Salinger wrote much that has not survived—there are tantalizing references in his letters—and he also produced much work that never appeared in print. 

A week after D-day, he sent a three-sentence postcard to Burnett saying that he was O.K., but also explaining that, under the circumstances, he was “too busy to go on with the book right now.” 

The truth, however, is that Salinger never stopped writing. 

Of all the Salinger stories to remain unpublished, perhaps none is finer than “The Magic Foxhole,” the first story Salinger wrote while actually fighting on the front line, and the only work in which he ever depicted active combat. 

“The Magic Foxhole” is angry, verging on the subversive.

The story opens days after D-day on a slow-moving convoy. 

It casts the reader as an anonymous hitchhiking G.I. picked up by the narrator, a soldier named Garrity. 

Addressing the G.I. only as “Mac,” Garrity recounts the events of a battle fought by his battalion right after the invasion. 

His tale focuses on the company point man, Lewis Gardner, and the experiences that cause him to lose his mind. 

The most powerful portion of “The Magic Foxhole” is the opening scene, which describes the landings at Normandy. 

Among the dead bodies on the beach is a solitary living figure—a chaplain crawling around in the sand, frantically searching for his glasses. 

The narrator, as his transport nears the beach, watches the surreal scene in amazement, until the chaplain, too, is killed. 

It was no accident that Salinger chose a chaplain to be the only living man among the dead in the heat of war. 

It was also no accident that the chaplain should be desperate for the clarity his glasses would provide. 

A man who believed he held the answer to life’s great questions suddenly discovers that he doesn’t—just when he needs an answer most. 

It is a critical moment in Salinger’s writing. 

For the first time, he asks the question: Where is God?


On August 25, 1944, the Germans surrendered Paris. 

The 12th Regiment was ordered to flush out resistance from one quadrant of the city. 

As an intelligence officer, Salinger was also designated to identify Nazi collaborators among the French. 

According to John Keenan, his C.I.C. partner and best friend throughout the war, they had captured such a collaborator when a nearby crowd caught wind of the arrest and descended on them. 

After wresting the prisoner away from Salinger and Keenan, who were unwilling to shoot into the throng, the crowd beat the man to death. 

Salinger and Keenan could do nothing but watch.

Salinger was in Paris for only a few days, but they were the happiest days he would experience during the war.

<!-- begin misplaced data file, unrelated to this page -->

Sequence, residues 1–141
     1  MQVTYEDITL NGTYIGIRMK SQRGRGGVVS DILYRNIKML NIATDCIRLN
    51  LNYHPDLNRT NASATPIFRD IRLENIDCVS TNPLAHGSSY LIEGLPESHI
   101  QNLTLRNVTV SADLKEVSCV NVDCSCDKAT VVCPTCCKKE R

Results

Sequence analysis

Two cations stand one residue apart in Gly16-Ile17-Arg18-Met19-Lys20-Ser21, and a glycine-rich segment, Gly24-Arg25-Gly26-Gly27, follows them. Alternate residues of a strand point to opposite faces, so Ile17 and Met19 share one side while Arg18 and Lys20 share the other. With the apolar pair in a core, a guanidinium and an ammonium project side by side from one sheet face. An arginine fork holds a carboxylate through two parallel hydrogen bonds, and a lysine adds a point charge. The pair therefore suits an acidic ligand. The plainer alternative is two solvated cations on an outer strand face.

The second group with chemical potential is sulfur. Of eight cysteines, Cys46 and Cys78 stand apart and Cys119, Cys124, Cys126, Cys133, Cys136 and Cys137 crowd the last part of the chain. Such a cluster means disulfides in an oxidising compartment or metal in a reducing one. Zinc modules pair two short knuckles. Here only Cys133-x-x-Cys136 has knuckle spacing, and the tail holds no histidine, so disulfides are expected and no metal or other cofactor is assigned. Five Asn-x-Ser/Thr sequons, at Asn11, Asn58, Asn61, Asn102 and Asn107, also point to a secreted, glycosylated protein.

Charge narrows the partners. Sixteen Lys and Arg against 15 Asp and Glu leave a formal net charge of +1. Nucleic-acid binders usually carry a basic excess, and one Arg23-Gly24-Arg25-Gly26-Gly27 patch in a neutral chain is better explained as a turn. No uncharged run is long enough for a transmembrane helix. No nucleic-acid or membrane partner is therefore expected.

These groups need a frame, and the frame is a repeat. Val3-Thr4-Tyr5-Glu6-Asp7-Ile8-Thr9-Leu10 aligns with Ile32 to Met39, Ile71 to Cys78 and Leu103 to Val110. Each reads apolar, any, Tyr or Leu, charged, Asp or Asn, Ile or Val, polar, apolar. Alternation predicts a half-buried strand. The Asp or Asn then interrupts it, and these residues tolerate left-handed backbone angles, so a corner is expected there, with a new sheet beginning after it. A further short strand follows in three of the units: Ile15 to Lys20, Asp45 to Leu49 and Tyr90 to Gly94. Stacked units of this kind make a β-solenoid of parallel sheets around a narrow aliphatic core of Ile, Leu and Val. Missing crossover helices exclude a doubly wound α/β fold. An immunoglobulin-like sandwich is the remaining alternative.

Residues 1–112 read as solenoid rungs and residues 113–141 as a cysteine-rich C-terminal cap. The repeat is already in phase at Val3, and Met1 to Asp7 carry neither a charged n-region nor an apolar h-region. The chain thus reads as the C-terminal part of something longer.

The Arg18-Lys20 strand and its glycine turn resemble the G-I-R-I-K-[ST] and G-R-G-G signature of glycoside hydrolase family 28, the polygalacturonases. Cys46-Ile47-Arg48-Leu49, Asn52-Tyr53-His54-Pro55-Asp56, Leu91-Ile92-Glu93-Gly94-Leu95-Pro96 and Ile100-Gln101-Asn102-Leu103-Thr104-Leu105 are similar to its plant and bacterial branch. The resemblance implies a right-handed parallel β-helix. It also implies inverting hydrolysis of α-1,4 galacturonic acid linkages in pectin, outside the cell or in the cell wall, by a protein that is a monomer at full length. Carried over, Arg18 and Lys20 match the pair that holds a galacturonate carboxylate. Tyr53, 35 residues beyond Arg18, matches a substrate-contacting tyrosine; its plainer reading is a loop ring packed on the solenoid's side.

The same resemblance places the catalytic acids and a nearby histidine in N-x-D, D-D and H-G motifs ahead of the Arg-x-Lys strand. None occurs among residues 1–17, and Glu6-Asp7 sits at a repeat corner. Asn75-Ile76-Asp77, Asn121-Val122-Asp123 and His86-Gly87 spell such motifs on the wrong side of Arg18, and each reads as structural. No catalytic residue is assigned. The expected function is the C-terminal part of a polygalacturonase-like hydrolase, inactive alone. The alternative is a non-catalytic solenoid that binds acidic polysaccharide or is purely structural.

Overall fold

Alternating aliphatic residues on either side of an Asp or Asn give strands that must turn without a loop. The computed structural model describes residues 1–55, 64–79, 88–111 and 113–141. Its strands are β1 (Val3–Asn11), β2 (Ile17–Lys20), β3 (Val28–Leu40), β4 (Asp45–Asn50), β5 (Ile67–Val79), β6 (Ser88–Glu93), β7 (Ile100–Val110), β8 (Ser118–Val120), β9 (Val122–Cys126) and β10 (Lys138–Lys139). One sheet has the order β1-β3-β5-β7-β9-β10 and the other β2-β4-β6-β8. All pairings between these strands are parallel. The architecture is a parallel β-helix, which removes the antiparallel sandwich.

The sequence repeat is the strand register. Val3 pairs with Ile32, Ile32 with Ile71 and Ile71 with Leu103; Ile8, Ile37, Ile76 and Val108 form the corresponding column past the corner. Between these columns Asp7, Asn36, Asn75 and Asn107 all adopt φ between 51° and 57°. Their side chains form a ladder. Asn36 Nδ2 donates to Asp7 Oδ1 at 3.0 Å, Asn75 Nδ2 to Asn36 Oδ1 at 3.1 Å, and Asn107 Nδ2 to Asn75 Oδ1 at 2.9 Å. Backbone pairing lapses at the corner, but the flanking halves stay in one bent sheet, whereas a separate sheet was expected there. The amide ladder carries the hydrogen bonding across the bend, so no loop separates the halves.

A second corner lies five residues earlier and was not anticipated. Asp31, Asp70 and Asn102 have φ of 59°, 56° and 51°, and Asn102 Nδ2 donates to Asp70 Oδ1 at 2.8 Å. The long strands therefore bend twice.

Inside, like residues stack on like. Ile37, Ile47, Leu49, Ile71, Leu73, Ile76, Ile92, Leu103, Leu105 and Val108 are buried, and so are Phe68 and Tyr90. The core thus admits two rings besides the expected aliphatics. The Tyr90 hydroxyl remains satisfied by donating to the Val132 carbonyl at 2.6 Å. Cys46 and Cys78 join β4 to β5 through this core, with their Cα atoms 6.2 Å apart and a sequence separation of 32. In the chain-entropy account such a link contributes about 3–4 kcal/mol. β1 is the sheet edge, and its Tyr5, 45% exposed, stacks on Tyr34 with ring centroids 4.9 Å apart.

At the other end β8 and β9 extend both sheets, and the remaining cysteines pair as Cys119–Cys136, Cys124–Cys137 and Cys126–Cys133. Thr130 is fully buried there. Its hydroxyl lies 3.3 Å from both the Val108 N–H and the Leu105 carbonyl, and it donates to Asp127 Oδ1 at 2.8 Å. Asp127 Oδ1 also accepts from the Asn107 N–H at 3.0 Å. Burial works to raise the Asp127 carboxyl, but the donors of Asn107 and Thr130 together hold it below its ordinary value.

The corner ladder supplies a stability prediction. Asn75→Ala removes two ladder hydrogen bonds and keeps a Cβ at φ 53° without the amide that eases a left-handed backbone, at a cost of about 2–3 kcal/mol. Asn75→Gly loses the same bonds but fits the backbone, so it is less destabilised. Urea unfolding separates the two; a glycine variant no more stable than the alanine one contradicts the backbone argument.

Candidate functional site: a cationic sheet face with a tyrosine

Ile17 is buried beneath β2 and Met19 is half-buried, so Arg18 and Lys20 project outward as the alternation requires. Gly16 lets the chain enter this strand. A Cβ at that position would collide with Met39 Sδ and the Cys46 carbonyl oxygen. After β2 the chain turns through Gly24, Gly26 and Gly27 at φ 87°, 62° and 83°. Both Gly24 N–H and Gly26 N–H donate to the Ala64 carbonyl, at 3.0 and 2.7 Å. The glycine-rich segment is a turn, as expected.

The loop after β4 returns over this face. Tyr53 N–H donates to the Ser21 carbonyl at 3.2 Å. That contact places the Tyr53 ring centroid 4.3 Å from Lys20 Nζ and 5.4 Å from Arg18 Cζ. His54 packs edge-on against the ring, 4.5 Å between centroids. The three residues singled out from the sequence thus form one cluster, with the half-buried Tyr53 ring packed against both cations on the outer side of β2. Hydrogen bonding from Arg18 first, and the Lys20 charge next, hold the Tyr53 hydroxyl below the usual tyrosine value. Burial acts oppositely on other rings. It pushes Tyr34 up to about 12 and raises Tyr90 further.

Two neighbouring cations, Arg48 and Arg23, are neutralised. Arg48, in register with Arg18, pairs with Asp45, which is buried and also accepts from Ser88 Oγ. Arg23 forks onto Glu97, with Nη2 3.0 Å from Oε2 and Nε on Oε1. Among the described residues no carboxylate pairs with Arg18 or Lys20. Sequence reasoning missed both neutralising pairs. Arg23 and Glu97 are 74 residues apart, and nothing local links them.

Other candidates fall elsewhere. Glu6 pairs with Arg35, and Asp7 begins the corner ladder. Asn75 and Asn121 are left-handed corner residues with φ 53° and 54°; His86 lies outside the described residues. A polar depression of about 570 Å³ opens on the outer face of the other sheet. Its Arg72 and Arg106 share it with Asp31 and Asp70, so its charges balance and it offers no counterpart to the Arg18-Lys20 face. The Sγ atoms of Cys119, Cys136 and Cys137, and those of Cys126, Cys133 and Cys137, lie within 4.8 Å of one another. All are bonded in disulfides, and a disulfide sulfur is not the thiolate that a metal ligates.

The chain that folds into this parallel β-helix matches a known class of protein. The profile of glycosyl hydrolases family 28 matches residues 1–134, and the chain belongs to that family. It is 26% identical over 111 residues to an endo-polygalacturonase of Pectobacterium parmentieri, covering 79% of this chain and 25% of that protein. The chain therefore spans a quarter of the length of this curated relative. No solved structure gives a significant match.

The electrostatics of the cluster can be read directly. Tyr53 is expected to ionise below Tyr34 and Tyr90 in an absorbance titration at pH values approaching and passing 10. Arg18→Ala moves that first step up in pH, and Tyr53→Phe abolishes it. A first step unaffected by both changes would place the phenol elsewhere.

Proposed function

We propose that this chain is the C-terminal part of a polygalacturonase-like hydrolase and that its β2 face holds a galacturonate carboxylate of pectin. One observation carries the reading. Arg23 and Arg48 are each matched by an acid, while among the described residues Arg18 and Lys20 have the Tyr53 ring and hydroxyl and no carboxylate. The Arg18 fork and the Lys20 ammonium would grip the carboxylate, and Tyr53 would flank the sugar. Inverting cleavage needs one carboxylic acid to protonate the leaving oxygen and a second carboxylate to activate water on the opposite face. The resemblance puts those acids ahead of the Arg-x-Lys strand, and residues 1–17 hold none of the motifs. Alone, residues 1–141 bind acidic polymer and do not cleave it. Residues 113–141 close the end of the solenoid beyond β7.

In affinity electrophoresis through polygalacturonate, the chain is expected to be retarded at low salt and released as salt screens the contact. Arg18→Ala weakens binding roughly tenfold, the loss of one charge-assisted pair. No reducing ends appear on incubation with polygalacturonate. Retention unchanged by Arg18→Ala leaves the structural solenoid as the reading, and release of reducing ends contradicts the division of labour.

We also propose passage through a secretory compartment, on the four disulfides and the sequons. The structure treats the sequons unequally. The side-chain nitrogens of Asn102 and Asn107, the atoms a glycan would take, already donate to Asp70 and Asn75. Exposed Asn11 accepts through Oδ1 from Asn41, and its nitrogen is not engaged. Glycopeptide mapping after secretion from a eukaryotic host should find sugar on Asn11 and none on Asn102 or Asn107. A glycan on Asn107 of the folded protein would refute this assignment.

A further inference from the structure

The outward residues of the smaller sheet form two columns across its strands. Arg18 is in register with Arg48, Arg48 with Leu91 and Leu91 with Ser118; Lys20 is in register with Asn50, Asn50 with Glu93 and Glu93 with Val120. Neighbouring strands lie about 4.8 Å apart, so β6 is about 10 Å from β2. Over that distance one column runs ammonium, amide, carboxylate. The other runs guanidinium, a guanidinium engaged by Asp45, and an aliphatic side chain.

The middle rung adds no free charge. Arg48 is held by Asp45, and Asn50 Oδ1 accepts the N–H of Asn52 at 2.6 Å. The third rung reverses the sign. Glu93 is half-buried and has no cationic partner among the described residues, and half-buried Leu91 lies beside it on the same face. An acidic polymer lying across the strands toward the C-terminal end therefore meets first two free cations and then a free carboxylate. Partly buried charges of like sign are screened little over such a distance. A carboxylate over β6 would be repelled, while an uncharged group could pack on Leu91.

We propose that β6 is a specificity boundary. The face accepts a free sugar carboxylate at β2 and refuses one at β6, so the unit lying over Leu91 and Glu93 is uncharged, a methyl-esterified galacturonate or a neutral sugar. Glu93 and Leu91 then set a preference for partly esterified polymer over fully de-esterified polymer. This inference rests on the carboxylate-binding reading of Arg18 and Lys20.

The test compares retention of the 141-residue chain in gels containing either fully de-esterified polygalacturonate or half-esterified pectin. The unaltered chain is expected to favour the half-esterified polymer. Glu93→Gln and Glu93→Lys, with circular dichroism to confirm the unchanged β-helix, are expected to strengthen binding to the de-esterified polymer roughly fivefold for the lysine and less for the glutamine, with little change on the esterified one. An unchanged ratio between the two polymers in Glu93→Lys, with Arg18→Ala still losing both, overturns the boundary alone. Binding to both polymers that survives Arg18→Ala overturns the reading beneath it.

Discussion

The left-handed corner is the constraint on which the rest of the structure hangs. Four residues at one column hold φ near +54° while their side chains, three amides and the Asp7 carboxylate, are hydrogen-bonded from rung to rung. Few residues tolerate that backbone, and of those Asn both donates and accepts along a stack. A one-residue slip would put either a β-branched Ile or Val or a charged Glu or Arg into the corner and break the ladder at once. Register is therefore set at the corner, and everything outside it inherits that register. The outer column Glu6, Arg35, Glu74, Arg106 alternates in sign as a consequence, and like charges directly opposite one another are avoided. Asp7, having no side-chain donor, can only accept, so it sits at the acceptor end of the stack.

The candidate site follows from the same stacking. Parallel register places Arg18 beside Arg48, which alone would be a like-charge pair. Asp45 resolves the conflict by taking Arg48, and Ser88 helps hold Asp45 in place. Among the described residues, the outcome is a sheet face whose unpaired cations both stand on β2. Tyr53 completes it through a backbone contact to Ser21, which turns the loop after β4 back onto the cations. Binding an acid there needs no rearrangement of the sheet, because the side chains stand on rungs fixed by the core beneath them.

His recollection of them is contained in a letter to Burnett. 

The high point was a meeting with Ernest Hemingway, who was a war correspondent for Collier’s. 

There was no question in Salinger’s mind where Hemingway would be found. 

He jumped into his jeep and made for the Ritz. 

Hemingway greeted Salinger like an old friend. 

He claimed to be familiar with his writing, and asked if he had any new stories on him. 

Salinger managed to locate a copy of The Saturday Evening Post containing “Last Day of the Last Furlough,” which had been published that summer. 

Hemingway read it and was impressed. 

The two men talked shop over drinks.

Salinger was relieved to find that Hemingway was not at all pretentious or overly macho, as he had feared he might be. 

Rather, he found him to be gentle and well grounded: overall, a “really good guy.” 

Salinger tended to separate Hemingway’s professional persona from his personal one. 

He told one friend that Hemingway was essentially kind by nature but had been posturing for so many years that it now came naturally to him. 

Salinger disagreed with the underlying philosophy of Hemingway’s work. 

He said that he hated Hemingway’s “overestimation of sheer physical courage, commonly called ‘guts,’ as a virtue. 

Probably because I’m short on it myself.”

As time went on, Salinger derived great personal strength from his relationship with Hemingway, and knew him by his nickname, “Papa.” 

The warmth did not necessarily transfer to Hemingway’s writing—at least not if one goes by Caulfield’s later condemnation of A Farewell to Arms. 

But during the war, Salinger was grateful for Hemingway’s friendship.
After the liberation of Paris, General Dwight D. Eisenhower’s chief of staff declared that “militarily, the war is over.”

 Salinger’s division would have the honour of being the first to enter Germany.